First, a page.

Shrinkflation hits Halloween treats

Classic Halloween candy favorites vary for everyone and shrinkflation continues to worsen as inflation rises.

"Calgary Alberta Halloween Candies Full Sized Chocolate Bars" by Calgary Reviews is licensed under CC BY 2.0

Classic Halloween candy favorites vary for everyone and shrinkflation continues to worsen as inflation rises.

Halloween, a spooky night filled with both excitement and terror running from house to house is just around the corner. With bags full of treats both sour and sweet, everyone has their favorite Halloween candy to eat. Each year Americans buy about 600 million pounds of candy for Halloween and just this year alone sales are expected to hit around $3.1 billion on candy. It’s safe to say going home and sorting through candy packed jack-o-lanterns or tote bags is the most anticipated part of the night. 

Everyone has their personal preferences when it comes to their favorite sweet treats whether it’s sour gummies, caramel filled bars, or fruity flavored candy on a stick.  

“Cookies and cream Hersheys are definitely my personal favorite candy; honestly, anything Hersheys are some of my favorite candies to get on Halloween,” Alianys Gonzalez said. 

Most students’ favorites tended to be chocolate covered candies, mainly brands such as Snickers, Twix, and Almond Joys instead of gummies or hard candy, but it’s no surprise given most Americans buy about 90 million pounds of chocolate on Halloween each year. 

“I love peanut butter, so I love Reese’s, but I know a lot of people don’t like it. I also like Almond Joys, but I know [not many] people really like those either,” Isabella Munoz said. 

Even though chocolate is a trend with students “go to” candies, Reese’s cups were the most popular treat given out during Halloween last year and are expected to keep the crown for this Halloween coming up. However, some of the least favorites seemed to be hard candies and unpopular chocolates. 

“Gobstoppers, Almond Joys, and Milk Duds are definitely some of the worst,” junior Devina Tikkoo said.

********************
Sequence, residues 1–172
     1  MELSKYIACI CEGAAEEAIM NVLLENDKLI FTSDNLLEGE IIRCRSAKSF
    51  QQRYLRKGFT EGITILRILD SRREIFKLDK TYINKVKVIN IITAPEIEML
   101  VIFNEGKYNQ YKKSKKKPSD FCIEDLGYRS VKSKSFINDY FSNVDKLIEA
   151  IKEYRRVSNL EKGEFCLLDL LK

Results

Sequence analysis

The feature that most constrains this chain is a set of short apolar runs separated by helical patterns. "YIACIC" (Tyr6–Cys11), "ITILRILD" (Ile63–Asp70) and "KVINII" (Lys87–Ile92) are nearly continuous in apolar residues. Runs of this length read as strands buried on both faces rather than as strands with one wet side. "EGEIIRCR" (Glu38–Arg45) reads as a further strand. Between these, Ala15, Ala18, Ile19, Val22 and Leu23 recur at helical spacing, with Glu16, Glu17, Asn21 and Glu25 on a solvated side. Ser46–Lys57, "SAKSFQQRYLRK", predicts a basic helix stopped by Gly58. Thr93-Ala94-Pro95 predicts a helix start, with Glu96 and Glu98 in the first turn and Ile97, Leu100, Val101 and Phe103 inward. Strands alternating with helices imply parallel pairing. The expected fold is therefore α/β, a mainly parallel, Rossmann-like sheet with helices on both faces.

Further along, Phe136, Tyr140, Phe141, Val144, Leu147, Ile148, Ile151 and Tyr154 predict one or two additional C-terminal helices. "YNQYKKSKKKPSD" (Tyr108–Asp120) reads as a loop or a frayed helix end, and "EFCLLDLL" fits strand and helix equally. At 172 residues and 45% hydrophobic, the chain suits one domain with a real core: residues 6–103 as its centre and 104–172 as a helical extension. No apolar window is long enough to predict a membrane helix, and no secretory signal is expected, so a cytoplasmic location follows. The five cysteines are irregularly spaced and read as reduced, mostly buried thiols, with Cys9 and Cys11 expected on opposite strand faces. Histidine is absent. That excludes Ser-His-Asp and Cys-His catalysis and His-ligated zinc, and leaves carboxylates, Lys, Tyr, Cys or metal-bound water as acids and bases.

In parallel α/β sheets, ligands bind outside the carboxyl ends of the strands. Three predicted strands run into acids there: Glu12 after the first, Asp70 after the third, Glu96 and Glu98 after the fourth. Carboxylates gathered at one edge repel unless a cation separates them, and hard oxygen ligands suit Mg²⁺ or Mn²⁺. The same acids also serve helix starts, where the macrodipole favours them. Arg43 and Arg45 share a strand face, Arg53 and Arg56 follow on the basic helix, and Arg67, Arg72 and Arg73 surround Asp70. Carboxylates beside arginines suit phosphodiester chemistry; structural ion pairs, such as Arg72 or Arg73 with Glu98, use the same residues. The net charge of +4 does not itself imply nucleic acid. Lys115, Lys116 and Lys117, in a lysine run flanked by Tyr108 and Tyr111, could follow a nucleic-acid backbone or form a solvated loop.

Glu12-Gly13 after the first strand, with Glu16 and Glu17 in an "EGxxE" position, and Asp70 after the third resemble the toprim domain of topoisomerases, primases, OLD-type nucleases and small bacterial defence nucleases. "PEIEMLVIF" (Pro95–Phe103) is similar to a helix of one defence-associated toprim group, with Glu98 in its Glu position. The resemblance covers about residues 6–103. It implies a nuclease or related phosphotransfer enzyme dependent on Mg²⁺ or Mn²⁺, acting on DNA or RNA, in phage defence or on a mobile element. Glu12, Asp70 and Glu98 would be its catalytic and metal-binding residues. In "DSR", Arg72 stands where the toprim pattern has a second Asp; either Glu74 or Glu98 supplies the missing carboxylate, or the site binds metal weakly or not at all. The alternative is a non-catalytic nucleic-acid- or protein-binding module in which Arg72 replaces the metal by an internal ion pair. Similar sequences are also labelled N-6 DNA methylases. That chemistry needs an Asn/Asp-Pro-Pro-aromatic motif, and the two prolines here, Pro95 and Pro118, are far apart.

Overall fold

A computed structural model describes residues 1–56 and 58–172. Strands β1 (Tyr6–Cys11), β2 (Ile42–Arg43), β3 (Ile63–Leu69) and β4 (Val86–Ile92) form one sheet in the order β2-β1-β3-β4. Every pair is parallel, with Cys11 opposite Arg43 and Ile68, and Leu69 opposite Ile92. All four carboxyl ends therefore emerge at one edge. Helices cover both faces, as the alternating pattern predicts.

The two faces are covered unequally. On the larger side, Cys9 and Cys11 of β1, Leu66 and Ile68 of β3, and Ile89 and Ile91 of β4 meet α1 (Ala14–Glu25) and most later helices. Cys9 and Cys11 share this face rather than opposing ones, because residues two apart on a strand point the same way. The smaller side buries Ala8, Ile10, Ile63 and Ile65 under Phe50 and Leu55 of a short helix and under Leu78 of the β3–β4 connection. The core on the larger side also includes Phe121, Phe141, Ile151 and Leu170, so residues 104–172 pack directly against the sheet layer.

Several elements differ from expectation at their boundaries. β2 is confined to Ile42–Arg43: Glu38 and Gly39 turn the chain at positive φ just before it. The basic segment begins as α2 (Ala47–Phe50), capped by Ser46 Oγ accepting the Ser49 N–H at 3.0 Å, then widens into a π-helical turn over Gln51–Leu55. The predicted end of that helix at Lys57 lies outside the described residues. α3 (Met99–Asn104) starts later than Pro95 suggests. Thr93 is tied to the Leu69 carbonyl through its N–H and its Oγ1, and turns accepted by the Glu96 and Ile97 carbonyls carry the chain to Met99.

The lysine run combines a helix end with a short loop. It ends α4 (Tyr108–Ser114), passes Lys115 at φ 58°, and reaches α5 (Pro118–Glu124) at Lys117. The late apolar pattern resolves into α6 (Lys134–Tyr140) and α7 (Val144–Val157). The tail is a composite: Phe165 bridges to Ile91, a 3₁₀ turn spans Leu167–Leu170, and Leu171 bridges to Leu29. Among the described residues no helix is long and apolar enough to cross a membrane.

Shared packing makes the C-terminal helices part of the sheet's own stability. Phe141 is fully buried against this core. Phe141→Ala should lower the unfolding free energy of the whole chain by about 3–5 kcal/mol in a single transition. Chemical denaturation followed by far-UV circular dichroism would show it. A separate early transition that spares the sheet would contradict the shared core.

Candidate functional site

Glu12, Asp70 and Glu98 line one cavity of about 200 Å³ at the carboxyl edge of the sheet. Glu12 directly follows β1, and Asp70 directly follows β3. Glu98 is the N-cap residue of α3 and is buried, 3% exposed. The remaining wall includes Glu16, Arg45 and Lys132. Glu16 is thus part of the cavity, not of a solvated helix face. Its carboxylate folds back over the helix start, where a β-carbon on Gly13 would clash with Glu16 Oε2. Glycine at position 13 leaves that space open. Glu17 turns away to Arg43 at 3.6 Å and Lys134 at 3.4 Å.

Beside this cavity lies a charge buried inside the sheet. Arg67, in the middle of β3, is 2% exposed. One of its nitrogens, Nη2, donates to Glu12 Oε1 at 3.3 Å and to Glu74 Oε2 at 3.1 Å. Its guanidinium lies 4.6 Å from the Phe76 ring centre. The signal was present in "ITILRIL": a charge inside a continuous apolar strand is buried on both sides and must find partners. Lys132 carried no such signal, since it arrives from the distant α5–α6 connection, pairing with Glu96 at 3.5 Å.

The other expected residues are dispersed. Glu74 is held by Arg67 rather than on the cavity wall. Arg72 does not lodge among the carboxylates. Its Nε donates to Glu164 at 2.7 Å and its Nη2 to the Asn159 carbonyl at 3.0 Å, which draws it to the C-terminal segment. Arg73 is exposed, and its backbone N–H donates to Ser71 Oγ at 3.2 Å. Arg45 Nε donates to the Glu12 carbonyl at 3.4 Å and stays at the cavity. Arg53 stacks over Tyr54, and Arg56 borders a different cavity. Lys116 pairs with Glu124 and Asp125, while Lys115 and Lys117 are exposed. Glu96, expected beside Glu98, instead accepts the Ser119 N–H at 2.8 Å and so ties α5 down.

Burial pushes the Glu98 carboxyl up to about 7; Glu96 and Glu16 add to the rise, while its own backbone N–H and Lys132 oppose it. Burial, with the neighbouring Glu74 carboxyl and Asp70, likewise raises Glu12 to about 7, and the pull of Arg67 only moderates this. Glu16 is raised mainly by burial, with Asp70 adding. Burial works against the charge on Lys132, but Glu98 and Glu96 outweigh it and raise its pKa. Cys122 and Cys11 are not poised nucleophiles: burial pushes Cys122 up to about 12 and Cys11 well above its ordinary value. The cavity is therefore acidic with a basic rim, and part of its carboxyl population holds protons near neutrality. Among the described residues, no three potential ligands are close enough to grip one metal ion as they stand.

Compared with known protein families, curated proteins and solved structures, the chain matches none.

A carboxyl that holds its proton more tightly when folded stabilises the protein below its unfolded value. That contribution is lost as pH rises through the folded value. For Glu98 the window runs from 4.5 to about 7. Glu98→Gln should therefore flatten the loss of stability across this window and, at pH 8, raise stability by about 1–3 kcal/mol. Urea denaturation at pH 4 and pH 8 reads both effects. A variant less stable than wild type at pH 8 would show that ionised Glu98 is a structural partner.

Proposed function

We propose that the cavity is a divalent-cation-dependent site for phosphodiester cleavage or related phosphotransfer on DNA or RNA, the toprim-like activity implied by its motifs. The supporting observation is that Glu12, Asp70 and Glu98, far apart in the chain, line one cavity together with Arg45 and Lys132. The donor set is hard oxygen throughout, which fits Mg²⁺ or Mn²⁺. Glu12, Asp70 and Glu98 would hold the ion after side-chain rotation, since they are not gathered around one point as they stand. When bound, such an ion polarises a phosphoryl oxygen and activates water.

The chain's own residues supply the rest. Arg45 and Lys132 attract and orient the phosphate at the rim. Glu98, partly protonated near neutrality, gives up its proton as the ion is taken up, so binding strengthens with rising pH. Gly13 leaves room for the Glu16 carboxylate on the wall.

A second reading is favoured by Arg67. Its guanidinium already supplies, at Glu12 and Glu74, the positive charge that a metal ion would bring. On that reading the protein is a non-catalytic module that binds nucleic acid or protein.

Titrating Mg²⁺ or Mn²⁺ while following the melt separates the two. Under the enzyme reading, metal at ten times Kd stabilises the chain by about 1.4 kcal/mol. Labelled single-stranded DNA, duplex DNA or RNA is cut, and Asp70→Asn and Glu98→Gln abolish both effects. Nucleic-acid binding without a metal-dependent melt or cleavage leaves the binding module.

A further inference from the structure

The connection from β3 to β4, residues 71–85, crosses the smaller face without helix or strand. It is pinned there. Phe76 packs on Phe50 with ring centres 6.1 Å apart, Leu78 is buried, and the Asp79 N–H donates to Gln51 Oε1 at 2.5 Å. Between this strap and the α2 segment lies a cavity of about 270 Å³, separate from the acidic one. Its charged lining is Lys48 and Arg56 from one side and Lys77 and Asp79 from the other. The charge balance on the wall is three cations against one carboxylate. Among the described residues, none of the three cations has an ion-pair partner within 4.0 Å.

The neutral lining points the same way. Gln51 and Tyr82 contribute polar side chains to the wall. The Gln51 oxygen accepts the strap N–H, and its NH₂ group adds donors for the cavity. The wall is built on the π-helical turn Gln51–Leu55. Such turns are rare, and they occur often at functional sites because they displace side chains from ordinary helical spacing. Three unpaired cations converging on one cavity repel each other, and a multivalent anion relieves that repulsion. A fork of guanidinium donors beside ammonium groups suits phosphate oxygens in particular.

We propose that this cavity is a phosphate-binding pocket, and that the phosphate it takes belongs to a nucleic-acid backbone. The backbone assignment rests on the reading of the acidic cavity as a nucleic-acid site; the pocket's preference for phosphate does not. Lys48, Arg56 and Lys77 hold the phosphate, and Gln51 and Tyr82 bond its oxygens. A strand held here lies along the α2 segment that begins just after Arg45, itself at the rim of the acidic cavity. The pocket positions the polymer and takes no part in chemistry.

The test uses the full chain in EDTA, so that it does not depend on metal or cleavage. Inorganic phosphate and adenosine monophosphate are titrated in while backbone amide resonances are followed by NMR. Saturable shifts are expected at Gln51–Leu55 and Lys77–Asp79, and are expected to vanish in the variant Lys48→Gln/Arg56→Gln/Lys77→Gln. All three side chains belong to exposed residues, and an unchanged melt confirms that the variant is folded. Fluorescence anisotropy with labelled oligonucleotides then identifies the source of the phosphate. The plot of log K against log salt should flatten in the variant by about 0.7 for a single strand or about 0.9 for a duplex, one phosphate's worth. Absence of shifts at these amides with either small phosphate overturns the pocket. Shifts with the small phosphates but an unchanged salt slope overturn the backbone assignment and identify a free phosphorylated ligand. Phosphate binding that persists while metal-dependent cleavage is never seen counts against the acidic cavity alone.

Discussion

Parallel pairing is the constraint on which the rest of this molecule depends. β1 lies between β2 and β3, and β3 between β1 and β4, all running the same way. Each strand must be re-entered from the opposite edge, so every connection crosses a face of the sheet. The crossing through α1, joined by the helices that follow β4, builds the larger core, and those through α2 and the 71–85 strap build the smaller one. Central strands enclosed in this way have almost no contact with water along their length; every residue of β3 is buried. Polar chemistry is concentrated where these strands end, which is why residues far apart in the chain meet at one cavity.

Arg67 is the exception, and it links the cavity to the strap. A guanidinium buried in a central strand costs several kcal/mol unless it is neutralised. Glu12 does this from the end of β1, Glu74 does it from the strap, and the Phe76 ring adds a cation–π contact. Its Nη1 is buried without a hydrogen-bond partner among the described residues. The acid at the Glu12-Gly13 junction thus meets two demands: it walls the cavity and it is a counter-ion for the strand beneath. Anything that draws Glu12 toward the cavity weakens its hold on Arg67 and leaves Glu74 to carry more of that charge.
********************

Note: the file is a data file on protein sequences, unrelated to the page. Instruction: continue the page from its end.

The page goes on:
Munoz mentioned she doesn’t like Gobstoppers or Smarties as much mainly because she prefers chocolate rather than hard candies. 

The prices for the holiday have been on a steady rise in the past two years following the pandemic. 2020 was one of the worst years for the candy industry, but sales have been up by a little more than a billion this year. Although most of the reason for this increased spending is because of rising inflation. 

“I’m not surprised the prices are rising because inflation is rising so it makes sense, but it does suck a little,” Tikkoo said. 

Compared to a year ago, Halloween candy prices have risen by almost 13 percent. Some companies are saying prices are rising because the production costs have risen to produce the treats. However, aside from the actual price of your treats, companies are also shrinking the sizes of the candy itself. 

“It’s also not very surprising because inflation is honestly ruining a lot of things and smaller sizes for candy would be one of those things, but companies should be telling this to their consumers because in a sense they’re not getting their money’s worth,” Tikko said. 

Also known as shrinkflation, candy sizes are getting smaller because of how quickly inflation is increasing. Usually, companies either raise the prices or shrink candy sizes, but with how bad inflation is getting some companies are doing a bit of both. 

Despite the rising prices or smaller packaging sizes many people look forward to the horror-filled holiday and hopefully prices will lower with coming years. Either way Halloween still remains a favorable day full of candy and costumes everyone anticipates when October rolls around.